Bitcoin Makes its Stateside Debut; Bad Day for Barbie; Fruity Pebbles Gets Some Company

It’s a bit time…

Image courtesy of Victor Habbick/FreeDigitalPhotos.net

Image courtesy of Victor Habbick/FreeDigitalPhotos.net

The first US regulated bitcoin exchange has made its US virtual debut. San Francisco-based Coinbase raised $106 million with some of that backing coming from Andreessen Horowitz and even the New York Stock Exchange. Which must mean that this whole crypto-currency thing is super legit, despite the fact that there is no government backed regulation for it, nor is it backed by the FDIC. But no worries as Coinbase, which already has 1.9 million users, 2.2 million accounts and 40,000 companies signed up with it, says it is insured against hacking, internal theft and accidental loss.  How very forward-thinking. Especially considering that earlier this month, European bitcoin exchange, Bitstamp, suffered a hack attack that cost it about $5.2 million. Of course, nobody will forget how Bitcoin exchange Mt. Gox was forced to call it quits after getting brutally hacked…to bits. Coinbase is currently allowed to conduct business in 25 states and makes its money by taking 0.25% of Bitcoin transactions. How very industrious. But the exchange doesn’t take its cut for the first two months after opening an account because Coinbase very thoughtfully felt this would be a good gimmick to attract more business. Hey, sign me up. Now if I could just get myself some Bitcoins…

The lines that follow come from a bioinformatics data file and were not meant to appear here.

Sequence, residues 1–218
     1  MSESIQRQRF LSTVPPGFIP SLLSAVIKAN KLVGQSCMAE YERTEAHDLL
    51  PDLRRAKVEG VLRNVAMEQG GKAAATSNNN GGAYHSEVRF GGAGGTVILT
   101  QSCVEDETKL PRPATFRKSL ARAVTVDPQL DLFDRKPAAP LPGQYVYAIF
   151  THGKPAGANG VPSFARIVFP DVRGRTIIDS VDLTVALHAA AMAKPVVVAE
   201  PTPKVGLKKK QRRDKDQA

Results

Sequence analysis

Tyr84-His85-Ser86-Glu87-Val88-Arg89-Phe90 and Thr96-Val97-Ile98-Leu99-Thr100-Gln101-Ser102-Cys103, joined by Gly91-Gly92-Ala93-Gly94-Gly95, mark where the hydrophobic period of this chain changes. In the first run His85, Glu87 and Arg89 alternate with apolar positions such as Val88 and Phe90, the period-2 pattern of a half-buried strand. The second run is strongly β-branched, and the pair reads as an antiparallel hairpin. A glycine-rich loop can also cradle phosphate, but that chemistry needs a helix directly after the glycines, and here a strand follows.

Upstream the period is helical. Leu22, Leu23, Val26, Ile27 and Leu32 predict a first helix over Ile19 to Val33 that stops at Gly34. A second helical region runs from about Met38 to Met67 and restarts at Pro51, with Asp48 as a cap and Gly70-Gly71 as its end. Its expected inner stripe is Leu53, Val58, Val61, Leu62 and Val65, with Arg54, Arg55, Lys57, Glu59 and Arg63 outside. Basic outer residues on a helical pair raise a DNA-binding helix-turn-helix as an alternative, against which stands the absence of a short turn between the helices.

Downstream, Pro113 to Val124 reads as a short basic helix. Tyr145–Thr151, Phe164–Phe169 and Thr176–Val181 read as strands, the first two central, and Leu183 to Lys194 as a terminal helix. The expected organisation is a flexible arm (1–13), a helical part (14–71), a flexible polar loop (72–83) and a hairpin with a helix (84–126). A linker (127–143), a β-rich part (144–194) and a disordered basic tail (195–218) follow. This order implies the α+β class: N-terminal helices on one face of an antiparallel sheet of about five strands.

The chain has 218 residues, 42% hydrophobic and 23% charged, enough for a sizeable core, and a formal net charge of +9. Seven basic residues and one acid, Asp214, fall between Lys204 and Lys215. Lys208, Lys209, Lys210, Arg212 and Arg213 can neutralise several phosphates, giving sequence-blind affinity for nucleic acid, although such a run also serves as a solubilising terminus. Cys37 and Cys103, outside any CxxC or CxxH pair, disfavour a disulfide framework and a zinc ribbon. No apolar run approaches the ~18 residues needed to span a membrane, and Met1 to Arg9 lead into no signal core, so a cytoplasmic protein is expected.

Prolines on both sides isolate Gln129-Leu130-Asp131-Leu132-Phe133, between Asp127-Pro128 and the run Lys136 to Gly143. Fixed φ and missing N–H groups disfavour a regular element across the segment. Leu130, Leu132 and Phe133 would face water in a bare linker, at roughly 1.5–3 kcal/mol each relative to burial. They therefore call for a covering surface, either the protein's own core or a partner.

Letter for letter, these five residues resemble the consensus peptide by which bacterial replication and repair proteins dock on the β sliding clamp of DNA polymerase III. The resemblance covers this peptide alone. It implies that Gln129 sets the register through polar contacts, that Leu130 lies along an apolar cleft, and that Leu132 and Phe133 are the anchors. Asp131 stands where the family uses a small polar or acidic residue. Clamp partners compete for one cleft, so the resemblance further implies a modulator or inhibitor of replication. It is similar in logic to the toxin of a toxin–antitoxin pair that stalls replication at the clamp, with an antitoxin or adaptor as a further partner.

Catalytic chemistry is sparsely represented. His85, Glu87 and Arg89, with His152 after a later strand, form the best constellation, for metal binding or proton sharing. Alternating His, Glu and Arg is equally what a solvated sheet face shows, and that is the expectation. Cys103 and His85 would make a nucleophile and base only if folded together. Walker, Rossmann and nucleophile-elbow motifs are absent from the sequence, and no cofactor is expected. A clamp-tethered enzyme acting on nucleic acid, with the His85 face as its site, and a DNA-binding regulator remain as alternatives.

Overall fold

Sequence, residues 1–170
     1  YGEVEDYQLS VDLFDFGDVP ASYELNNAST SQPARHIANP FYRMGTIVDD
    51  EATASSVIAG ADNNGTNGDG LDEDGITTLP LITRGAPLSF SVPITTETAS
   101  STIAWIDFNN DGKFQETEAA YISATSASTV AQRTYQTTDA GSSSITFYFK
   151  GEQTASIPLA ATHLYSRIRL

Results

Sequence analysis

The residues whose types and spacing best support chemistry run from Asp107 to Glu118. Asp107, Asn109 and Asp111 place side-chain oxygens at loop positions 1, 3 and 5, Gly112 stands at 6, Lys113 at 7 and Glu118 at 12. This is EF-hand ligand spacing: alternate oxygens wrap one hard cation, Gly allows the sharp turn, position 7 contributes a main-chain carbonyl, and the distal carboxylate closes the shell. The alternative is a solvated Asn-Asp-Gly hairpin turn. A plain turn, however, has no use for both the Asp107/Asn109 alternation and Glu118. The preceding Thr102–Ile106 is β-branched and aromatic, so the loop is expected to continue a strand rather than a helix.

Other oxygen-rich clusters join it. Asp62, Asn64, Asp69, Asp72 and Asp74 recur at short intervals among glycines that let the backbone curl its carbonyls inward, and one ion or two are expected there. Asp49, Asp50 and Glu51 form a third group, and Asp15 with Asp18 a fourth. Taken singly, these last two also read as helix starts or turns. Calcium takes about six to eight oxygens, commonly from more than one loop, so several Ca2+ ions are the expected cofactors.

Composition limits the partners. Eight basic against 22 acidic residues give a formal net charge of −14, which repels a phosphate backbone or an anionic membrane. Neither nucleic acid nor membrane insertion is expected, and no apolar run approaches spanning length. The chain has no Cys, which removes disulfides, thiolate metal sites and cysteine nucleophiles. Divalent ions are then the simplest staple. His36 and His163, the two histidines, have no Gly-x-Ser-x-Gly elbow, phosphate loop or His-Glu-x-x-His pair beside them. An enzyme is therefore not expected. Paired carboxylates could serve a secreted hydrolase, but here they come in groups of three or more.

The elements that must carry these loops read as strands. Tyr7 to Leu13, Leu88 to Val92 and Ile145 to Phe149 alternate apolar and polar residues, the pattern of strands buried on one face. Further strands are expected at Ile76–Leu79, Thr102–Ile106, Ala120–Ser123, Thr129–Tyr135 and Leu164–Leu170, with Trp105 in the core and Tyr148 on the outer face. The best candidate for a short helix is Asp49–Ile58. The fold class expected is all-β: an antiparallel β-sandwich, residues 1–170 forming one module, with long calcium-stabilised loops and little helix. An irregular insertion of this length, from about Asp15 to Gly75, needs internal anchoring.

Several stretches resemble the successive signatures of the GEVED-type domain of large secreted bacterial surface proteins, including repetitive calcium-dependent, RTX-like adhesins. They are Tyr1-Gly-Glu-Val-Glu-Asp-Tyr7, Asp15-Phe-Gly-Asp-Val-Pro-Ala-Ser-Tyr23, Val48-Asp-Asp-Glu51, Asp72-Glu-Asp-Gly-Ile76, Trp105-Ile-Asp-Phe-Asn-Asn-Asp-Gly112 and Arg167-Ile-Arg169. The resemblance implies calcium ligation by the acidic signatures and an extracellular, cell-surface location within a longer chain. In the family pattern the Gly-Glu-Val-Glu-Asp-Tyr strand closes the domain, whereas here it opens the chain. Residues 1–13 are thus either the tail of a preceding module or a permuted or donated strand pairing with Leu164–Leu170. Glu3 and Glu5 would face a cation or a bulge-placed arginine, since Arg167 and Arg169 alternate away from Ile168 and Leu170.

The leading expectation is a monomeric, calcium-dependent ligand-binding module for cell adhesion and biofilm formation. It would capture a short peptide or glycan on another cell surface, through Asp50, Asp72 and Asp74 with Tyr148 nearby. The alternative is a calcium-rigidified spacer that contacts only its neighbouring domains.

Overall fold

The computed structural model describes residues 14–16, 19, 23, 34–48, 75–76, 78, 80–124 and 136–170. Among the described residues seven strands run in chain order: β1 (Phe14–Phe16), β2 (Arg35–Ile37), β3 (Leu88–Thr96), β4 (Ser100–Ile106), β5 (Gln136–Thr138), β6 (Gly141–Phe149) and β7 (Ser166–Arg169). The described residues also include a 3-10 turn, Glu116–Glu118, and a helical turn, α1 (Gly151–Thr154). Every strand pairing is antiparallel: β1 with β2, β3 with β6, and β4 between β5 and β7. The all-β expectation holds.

Just not that into you anymore…

Image courtesy of ratch0013/FreeDigitalPhotos.net

Image courtesy of ratch0013/FreeDigitalPhotos.net